One very important step in making homemade tamales is knowing how to prepare corn husks for tamales. You’ll learn everything you need to know to make the stiff husk become soft and pliable and ready to make your tamales.
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What Are Corn Husks
Corn husks are the outer layers of ears of corn.
Dried corn husks are needed to make tamales, a traditional Mexican dish. The corn husks are separated from the ear of corn and the corn silk removed. They are then set out to dry for storage and later use or commercial production.
To make tamales, corn husks need to be rehydrated before they are filled with the masa and any tamale fillings of your choice.
In Mexico we call corn husks “hoja de maiz” or “hoja para tamal“. These types of corn husks are what most of the traditional tamale recipes will call for.
There is a type of tamale, called uchepos or green corn tamales, that use the fresh corn husks right off the ear of corn. Uchepos are made by blending fresh corn kernels from sweet corn with other ingredients. This corn mixture is then placed on the green corn husks and used as the filling.
Uchepos are definitely worth a try!
Please also note that there are lots of Mexican tamales recipes, particularly that come from Southern Mexico, which use banana leaves instead of corn husks. We’ll talk more about that another time.
Are Corn Husks Edible
No they’re not. Please don’t eat them. They are only used for wrapping and steaming the tamales. But once the tamales are cooked, they are pealed away and discarded.
Watch this funny clip. Except, do use a fork and a knife — no Mexican I know eats a tamal like a hot dog. lol
Where to Buy Corn Husks for Tamales
Thankfully we don’t have to do the drying of the corn husks because we can buy them at the grocery store or even Amazon sells them.
Locally you can check out the Hispanic food isle of your grocery store and they should carry them pretty much year-round. If you have a Mexican or Latin food store near you, they’ll definitely carry them as well as the masa harina or fresh masa you’ll need to make tamales.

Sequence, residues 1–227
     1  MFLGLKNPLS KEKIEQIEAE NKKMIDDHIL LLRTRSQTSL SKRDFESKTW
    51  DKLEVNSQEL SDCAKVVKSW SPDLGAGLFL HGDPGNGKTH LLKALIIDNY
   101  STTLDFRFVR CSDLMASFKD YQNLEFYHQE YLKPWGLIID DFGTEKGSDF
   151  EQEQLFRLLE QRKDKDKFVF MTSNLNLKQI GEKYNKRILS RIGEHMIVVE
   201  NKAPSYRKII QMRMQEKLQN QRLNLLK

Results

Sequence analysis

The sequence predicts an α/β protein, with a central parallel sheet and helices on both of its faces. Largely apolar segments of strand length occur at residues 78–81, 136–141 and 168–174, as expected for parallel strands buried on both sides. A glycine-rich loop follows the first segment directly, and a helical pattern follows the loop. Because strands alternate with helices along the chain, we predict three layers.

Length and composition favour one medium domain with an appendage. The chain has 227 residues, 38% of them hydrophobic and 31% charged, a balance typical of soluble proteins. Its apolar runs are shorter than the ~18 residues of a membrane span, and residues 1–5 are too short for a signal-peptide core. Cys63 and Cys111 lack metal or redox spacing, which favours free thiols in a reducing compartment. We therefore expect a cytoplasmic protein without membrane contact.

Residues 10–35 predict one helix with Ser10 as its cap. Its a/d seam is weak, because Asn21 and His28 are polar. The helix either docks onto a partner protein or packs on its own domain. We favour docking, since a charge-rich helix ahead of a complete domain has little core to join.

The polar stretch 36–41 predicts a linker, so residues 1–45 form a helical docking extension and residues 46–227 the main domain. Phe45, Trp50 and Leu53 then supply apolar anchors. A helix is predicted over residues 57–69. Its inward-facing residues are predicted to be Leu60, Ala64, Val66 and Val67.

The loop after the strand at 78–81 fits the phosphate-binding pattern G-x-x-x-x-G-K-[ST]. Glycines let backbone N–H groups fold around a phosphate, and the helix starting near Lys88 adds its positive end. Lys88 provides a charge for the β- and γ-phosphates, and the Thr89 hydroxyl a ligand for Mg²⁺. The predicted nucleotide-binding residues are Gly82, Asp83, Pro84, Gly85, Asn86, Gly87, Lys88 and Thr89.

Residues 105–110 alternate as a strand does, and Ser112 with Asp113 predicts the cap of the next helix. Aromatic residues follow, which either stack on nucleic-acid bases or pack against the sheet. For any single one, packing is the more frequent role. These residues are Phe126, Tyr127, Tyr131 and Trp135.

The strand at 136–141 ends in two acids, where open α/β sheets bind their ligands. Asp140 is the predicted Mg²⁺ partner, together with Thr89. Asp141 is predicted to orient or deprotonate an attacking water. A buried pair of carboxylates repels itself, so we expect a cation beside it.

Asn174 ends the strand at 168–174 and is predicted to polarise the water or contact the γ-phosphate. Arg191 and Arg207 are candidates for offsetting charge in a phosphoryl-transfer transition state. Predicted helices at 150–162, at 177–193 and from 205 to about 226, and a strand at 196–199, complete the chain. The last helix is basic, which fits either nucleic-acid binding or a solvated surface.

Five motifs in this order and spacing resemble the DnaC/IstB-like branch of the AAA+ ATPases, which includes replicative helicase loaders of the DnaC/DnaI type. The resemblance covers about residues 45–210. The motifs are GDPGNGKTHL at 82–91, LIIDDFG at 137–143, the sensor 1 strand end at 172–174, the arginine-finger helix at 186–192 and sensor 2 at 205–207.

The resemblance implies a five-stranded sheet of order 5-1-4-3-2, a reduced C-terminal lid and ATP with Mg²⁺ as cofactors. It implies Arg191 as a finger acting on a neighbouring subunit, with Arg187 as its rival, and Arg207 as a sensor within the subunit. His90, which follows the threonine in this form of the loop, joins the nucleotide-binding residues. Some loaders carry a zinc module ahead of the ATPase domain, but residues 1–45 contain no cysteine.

How to Sort The Corn Husks
Once you have the corn husks you can begin the prep work to get started on making your tamales.
When I make tamales, I have a specific order that I follow. You can choose to do the same if you’d like.
I like to make the tamales filling the night before. This way it can be cool or at room temperature before using it to stuff the tamales.
If I’m making everything the same day I’ll get the corn husks going before I do anything else. This is to ensure they are pliable or super flexible.
The first thing you want to do is sort through the corn husks. We are looking to remove any corn silk, dirt or debris that may be on the husks.
You can use your hand or a damp paper towel or kitchen cloth to remove anything you find. Or give it a good shake.
You want to keep corn husks that are whole, not cracked in the middle and not too badly damaged. Also make sure that the long sides of the corn husk aren’t damaged either.
Black Spots on Corn Husks Safe to Eat
If you’re talking about fresh corn husks you want to make sure you toss out any that may have black spots on them. This could be a sign of mold. Don’t risk it!
Some dried husks will have small brown spots splattered on them. These are safe to use. Just take a good look to make sure it’s not mold. If so then toss those out and grab a new pack.
If you don’t want to use the safe ones for stuffing, you can always save them to line the bottom of the steamer basket.
Discolored Corn Husks